The world’s most ambitious renewable energy project ever conceived, the Desertec Project, may soon be underway in North Africa.
Once a pipe dream of European scientists and engineers, the Desertec Project aims to establish 6,500 square miles of renewable thermal solar power plants in the Sahara Desert of North Africa, along with a super-grid of high voltage transmission lines to supply countries in Europe and Africa with electricity.
The project has finally gained the financial support of a consortium of major companies and organizations such as Deutsche Bank AG, Siemens AG, Trans-Mediterranean Renewable Energy Cooperation, The Club of Rome, and many others. Its goal is to supply continental Europe with up to 15 percent of its total energy needs.
The cost associated with building the Desertec solar power plants and transmission lines through 2050 is estimated at around 400 billion euros ($560 billion).
A project of such gigantic scope and expense has drummed up both excitement and criticism from experts.
The Desertec Project will bring renewable energy to the mainstream by creating clean, CO2-free and stable energy generated from the sun alone. Leaving fossil fuel behind, Desertec is a great leap in technology, creativity, and engineering.
“The time now is perfect to start this initiative, as climate protection has become an urgent issue and our economies need new impulses,” said Alexander Mohanty, a spokesman from Munich Re, a large German insurance company spearheading this project.
Critics Voice Complaints
But critics say that a project this costly—and using current solar technology that may not have reached maximum efficiency—should be approached with caution.
Swedish energy giant Vattenfall AB, which has extensive operations in Germany, is not supporting this undertaking.
“It costs too much money,” said Vattenfall CEO Lars Josefsson, in a Financial Times interview. “Besides that, the transmission costs are too high. I don’t think it’s realistic.”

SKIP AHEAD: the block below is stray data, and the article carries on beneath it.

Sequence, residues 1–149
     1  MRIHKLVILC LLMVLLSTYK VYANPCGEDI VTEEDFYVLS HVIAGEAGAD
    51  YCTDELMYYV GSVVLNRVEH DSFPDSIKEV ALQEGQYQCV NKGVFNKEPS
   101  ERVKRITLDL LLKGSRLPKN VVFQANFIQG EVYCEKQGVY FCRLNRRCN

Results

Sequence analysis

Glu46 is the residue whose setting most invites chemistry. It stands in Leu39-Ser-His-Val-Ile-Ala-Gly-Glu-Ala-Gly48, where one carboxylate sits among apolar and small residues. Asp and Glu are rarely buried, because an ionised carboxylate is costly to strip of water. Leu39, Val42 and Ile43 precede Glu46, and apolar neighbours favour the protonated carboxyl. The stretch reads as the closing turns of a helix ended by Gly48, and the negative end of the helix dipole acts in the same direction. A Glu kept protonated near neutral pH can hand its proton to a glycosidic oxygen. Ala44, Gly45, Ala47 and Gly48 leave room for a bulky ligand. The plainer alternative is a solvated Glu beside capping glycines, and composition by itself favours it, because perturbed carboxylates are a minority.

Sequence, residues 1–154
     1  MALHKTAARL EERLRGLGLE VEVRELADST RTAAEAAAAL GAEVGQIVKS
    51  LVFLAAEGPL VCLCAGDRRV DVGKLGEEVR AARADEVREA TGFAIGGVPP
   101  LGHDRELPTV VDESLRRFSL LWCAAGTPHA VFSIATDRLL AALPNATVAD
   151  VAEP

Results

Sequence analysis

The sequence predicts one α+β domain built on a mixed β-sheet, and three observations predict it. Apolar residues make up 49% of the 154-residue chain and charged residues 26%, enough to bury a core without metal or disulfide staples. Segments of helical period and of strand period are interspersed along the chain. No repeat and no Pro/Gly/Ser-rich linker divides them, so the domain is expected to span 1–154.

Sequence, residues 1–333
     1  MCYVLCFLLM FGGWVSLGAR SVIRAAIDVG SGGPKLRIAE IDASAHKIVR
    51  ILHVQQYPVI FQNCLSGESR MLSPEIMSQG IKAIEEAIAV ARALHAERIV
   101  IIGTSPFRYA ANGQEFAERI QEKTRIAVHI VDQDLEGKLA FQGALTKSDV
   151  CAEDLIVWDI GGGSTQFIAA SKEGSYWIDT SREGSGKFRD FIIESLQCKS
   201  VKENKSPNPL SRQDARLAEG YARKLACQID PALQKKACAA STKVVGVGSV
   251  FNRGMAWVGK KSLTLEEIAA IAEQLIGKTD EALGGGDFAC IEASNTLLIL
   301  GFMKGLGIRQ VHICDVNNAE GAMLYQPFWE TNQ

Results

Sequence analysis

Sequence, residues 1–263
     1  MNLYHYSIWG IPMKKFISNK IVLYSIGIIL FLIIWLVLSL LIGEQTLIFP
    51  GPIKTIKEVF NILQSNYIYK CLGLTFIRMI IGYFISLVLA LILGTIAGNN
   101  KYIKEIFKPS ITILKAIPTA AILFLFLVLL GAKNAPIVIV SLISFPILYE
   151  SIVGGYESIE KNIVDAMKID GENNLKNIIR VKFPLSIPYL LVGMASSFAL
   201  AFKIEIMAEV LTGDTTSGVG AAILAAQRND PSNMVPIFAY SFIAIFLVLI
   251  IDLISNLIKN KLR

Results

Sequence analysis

“Europe should create its electricity in Europe,” he concluded.
As an alternative, Josefsson believes in building more coal-powered generating plants that have newer CCS technology aimed at lowering CO2 emissions.
Some experts also fear that if such a large portion of European electricity production is outsourced to Africa, it would create a political dependency on North African countries, some of which have unstable political environments.
The creation of centralized solar energy plants in Africa also raises its vulnerability for terrorist attacks. If someone attacks the transmission lines, much of Europe could be without electricity.
Concentrating Solar Power
Solar thermal power plants use the method of harvesting solar energy called concentrating solar power (CSP). It works in a way very similar to burning a paper with the sun’s rays through a magnifying glass. A thermal solar power plant works with the same principle by arranging a set of magnifying glasses and mirrors that produce a very powerful sunbeam. This sunbeam heats up water, turning it into steam that rotates turbines to produce electricity. The electricity is then carried via high-voltage transmission lines to users.
At nighttime, the power generated during the day is stored in special salt-like batteries, which enables the turbines to be running through the night, creating a 24-hour generation system.
The CSP method should not be confused with photovoltaic energy, which doesn’t heat up water, but directly produces electricity and stores it in batteries.
CSP plants are generally cleaner, cheaper, and have lower maintenance costs compared to photovoltaic energy generation. Photovoltaic energy, on the other hand, is not centrally dependent, meaning that panels could be purchased by any individual and placed on a rooftop, allowing greater flexibility.
Smaller CSP projects have already achieved some success. In the Mojave Desert of California, there are a total of 9 solar thermal plants that have been built and used since the 1980s. Spain, India, Mexico, and South Africa are also set to build such plants in the near future.
If the Desertec Project is successful, it would not only benefit Europe, but also North African countries. It would supply them with very cheap energy, create jobs, and provide an opportunity to export goods via trade.
“The project is sending a strong signal that investments in renewable energies don’t just make ecological sense, they make economic sense as well,” said a Financial Times report.